Resource adapted from “Coping with Job Loss” YWCA Discovering Life Skills, Volume
7 Pages 105-109
Career Counselling Skills
Welcoming words and body language. Easy topics of conversation to place clients at
ease (Was it easy to find the office? Did you have a good drive here today? Etc.).
Short expressions (verbal and non-verbal) to indicate interest in clients story and
feedback (I see, go on, etc.)
Non-Verb al Cues
Body language, working environment, interruptions, posters, cartoons, signs around the
Open / Close Questions
Questioning techniques used facilitate a conversation and expand, clarify or determine
understanding of issues in the exchange of information, (tell me more about that?
(open), You expect to complete your professional accreditation this fall? (close)
Reflection of Feeling
Statements or questions to clarify clients feeling and assist clients to own them. To be
reflected with the same level of feeling (I see you are sad about the loss, it’s a natural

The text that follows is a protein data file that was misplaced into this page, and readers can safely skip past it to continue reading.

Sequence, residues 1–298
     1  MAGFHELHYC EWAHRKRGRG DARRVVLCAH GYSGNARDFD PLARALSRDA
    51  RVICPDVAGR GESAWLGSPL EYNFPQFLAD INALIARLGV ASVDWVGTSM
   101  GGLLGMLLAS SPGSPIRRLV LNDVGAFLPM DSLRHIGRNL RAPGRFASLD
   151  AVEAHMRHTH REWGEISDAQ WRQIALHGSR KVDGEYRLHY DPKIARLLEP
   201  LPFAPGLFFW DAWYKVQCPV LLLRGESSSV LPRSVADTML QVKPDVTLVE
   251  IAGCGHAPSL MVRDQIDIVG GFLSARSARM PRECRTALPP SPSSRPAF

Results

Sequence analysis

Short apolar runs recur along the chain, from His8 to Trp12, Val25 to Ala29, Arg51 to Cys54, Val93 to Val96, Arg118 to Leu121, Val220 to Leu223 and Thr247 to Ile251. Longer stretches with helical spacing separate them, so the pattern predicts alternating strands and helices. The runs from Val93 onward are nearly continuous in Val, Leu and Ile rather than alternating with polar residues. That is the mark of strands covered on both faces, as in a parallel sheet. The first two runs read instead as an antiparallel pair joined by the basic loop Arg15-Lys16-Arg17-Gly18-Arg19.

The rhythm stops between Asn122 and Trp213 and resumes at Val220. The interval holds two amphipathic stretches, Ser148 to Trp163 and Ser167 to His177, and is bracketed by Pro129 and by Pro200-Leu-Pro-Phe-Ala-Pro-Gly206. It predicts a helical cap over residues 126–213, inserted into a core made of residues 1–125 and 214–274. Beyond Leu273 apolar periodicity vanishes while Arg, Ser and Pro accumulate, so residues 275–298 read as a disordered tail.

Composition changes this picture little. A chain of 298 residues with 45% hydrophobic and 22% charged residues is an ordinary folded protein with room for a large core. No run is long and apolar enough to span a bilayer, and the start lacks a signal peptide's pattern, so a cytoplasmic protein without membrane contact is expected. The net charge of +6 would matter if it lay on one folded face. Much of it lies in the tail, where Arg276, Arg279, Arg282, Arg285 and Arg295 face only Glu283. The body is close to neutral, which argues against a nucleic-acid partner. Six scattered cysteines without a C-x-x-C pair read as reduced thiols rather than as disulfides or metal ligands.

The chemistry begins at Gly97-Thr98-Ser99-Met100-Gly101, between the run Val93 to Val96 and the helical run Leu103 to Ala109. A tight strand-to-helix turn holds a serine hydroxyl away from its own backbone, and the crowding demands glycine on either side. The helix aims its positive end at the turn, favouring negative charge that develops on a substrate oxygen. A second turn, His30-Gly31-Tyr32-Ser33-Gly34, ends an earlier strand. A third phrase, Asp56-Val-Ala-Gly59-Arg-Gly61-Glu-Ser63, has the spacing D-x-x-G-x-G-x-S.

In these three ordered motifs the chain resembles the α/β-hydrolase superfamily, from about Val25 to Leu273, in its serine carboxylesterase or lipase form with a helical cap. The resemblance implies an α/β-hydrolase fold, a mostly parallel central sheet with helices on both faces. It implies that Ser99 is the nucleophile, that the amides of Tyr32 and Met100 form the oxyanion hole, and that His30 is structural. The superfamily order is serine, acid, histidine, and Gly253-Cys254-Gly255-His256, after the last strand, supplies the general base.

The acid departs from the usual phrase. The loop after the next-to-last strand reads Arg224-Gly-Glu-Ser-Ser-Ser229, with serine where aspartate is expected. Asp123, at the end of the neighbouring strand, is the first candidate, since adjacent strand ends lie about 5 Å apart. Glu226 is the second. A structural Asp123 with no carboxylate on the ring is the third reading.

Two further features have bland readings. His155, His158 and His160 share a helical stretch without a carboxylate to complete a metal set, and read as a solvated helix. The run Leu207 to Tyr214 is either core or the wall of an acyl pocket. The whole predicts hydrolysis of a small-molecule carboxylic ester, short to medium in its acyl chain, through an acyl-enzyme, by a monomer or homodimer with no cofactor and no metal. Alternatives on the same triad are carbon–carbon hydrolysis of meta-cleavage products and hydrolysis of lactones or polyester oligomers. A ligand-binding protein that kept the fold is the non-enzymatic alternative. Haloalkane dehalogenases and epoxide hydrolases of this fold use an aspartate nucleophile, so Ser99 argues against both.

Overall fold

feeling to have, how can you take care of yourself while you grieve the loss)
Stataments that allow counsellors to check the accuracy of the perceived message. A
form of ‘test’ to of client’s self-understanding that serves as confirmation of the
counsellor’s same understanding, (today we agreed we would clarify your employability
issues….. and now, in your own words, can you enumerate for us what you see as your
career accomplishments so far?, Of all the strengths we’ve discussed today….., which
ones would you list as the most relevant?, We have acknowledged that it is not job
related skills but your behaviour during job interviews that is getting in the way…., can
you tell me which communication skills you want to focus on developing in order of
Accurately repeating what your heard from your client. Verbalizing your understanding
of what the client means with her/his statement. A skills used to clarify and focus